International Community wants action, not promises
A new Barbados Government press release says that the United Kingdom will upgrade our country’s status with respect to the UK’s legislation on offshore non-compliance by U.K taxpayers, and petition the OECD to reconsider its recent report about Barbados that resulted in “highly prejudicial consequences”.
Last January the Organisation for Economic Co-operation and Development (OECD) slapped Barbados upside the head for failing to comply with international standards for sharing tax information. The OECD review was part of a crackdown on money laundering and tax havens and found that Barbados “did not have legislation in place to fully share information on tax matters with international partners.”
See BFP’s January 28, 2011 article OECD: Barbados fails tax transparency standards
Barbados was once again sent to our room by the international community until we could behave ourselves and pass some laws and regulations like we agreed to do years ago but never got around to. So now that we’ve taken a few weeks and passed the new laws we’d like to come out and play with the others, and the UK is going to vouch for us.
This same scenario plays out once or twice a year in one form or another when the international community gets tired of all promises and no action. Last year Barbados was downgraded to a spot below Cambodia over our failure to fight human trafficking. This year it’s our failure to comply with international tax information standards. Next year it will be something else.
Laws? Standards? What you talking about?
You see, we Barbadians don’t like to pass laws or comply with outside standards. We like to make promises and statements of intent, but actually passing laws is another thing. Laws make it inconvenient for the ruling class to do whatever they want. That’s why the DLP won’t pass their promised Integrity Legislation and Freedom of Information laws.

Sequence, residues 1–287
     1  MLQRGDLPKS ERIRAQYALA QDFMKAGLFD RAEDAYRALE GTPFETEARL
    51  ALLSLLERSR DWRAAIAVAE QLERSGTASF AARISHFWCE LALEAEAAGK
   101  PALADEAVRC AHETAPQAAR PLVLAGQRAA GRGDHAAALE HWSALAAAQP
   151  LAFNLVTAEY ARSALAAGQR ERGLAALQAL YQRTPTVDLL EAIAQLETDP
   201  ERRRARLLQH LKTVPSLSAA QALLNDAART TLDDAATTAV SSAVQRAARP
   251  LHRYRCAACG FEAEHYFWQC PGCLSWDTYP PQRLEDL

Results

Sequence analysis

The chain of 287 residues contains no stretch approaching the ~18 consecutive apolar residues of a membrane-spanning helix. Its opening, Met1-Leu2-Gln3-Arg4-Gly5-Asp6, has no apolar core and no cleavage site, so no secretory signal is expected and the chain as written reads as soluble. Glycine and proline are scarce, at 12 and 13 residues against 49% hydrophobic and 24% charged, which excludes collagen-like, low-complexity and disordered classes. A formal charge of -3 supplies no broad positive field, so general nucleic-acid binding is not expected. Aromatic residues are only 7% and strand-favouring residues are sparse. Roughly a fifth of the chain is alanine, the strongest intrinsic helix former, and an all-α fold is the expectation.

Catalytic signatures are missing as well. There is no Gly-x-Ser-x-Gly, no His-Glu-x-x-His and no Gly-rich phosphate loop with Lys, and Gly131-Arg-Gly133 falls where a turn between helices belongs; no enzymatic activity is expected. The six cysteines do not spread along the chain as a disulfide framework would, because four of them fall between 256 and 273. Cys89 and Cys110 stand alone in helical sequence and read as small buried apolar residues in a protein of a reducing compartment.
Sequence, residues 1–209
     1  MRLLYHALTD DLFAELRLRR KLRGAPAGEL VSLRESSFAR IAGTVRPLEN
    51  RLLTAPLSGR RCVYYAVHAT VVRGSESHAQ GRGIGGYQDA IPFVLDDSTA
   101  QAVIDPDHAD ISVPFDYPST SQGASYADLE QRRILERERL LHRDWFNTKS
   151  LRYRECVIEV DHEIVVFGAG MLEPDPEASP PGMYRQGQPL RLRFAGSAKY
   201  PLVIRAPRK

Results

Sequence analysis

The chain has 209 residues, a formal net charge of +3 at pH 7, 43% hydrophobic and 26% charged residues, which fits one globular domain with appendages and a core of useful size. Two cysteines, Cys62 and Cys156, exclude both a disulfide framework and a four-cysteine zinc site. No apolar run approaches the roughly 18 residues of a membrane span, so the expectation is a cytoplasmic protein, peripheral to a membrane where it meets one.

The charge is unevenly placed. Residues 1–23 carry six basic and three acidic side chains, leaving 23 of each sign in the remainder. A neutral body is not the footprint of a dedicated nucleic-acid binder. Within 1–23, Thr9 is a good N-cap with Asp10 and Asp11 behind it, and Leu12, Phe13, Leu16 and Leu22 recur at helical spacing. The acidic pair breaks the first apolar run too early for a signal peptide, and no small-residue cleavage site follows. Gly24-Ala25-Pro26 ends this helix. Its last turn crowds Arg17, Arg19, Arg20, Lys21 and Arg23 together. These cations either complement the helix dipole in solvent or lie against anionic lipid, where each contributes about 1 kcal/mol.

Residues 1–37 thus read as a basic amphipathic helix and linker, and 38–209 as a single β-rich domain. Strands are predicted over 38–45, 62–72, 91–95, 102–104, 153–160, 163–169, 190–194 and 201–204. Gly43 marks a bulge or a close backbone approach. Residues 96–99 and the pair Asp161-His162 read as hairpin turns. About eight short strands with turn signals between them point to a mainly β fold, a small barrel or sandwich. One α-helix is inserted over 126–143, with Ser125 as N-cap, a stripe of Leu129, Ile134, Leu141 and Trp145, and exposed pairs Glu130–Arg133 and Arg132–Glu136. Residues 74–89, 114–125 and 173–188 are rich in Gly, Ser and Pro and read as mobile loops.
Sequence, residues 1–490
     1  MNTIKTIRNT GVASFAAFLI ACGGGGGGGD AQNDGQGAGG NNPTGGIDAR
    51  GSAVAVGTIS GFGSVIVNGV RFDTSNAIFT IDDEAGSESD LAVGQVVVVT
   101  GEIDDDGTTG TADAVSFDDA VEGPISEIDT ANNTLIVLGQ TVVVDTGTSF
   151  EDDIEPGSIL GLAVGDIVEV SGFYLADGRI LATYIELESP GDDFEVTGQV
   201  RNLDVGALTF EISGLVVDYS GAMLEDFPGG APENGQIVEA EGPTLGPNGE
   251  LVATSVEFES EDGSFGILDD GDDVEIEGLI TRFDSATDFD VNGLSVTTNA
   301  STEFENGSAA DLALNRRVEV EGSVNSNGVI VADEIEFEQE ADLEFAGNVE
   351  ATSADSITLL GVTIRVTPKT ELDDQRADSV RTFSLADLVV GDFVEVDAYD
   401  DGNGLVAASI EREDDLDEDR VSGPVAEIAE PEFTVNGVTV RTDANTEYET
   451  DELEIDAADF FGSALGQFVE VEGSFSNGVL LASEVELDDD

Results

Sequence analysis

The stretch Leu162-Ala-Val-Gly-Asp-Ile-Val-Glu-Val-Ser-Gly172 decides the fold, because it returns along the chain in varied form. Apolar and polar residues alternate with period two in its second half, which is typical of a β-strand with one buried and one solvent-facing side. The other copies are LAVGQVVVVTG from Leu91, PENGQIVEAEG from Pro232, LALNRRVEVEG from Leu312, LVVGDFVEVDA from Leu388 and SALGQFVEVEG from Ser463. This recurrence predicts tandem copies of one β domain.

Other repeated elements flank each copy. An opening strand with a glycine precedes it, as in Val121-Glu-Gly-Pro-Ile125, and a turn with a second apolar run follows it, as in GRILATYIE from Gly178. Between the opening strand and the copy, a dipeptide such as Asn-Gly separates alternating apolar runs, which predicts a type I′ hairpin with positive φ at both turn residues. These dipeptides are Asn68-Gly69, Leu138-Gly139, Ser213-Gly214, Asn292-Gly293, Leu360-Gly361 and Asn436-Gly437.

Unfortunately, while we Bajans understand our leaders making promises and then doing the opposite, the international community is less forgiving than the voters.
Moral of the story: After the OECD slapped us around, it took our government about two weeks to pass the required laws because the downgrade threatened our economy.
Too bad our government won’t act so quickly to pass Integrity Legislation, Freedom of Information and Conflicts of Interest laws. Or Environmental Legislation.
Prime Minister Stuart could make those laws happen if he wanted to.
But he doesn’t want to.
Press Release Damage Control
British Government believes OECD Global Forum should review Barbados tax information-exchange finding as soon as possible
BRIDGETOWN, BARBADOS, May 6 /PRNewswire/ – The British Government has advised the Government of Barbados that it will upgrade that country’s status with respect to the UK’s legislation on offshore non-compliance by U.K taxpayers.
Barbados has been notified that Her Majesty’s Revenue and Customs will promote Barbados to Category 2 status when a revised UK Statutory Instrument is made in a few months’ time.
This significant upgrade of Barbados from Category 3 status was a direct result of its 2011 Income Tax (Exchange of Information) Regulations which provides for the unilateral exchange of tax information according to the 2008 OECD standard with Barbados’ new and existing tax treaty partners, including the UK, who are now unable to exchange tax information consistent with international standards.
The British Government has also signaled its support for a revised OECD Global Forum Phase I report on Barbados’ transparency and tax information exchange credentials based on the 2011 regulations noting that “there is a strong case for a supplementary report to be presented [by Barbados] to the Peer Review Group of the Global Forum on the Transparency and Exchange of Information for Tax Purposes as soon as possible”.